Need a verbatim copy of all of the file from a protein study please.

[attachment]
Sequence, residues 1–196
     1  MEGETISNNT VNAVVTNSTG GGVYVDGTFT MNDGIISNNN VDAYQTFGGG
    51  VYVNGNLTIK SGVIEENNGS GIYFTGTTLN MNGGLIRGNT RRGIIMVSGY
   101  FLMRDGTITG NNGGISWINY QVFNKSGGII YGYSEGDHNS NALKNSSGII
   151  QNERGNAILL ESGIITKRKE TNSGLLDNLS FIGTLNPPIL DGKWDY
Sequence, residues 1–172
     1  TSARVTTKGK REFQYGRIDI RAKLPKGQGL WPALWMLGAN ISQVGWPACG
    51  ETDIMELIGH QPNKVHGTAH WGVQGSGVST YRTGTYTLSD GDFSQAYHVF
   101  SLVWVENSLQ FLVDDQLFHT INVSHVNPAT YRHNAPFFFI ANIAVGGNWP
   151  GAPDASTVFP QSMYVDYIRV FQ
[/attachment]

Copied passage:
Sequence, residues 1–196
     1  MEGETISNNT VNAVVTNSTG GGVYVDGTFT MNDGIISNNN VDAYQTFGGG
    51  VYVNGNLTIK SGVIEENNGS GIYFTGTTLN MNGGLIRGNT RRGIIMVSGY
   101  FLMRDGTITG NNGGISWINY QVFNKSGGII YGYSEGDHNS NALKNSSGII
   151  QNERGNAILL ESGIITKRKE TNSGLLDNLS FIGTLNPPIL DGKWDY
Sequence, residues 1–172
     1  TSARVTTKGK REFQYGRIDI RAKLPKGQGL WPALWMLGAN ISQVGWPACG
    51  ETDIMELIGH QPNKVHGTAH WGVQGSGVST YRTGTYTLSD GDFSQAYHVF
   101  SLVWVENSLQ FLVDDQLFHT INVSHVNPAT YRHNAPFFFI ANIAVGGNWP
   151  GAPDASTVFP QSMYVDYIRV FQ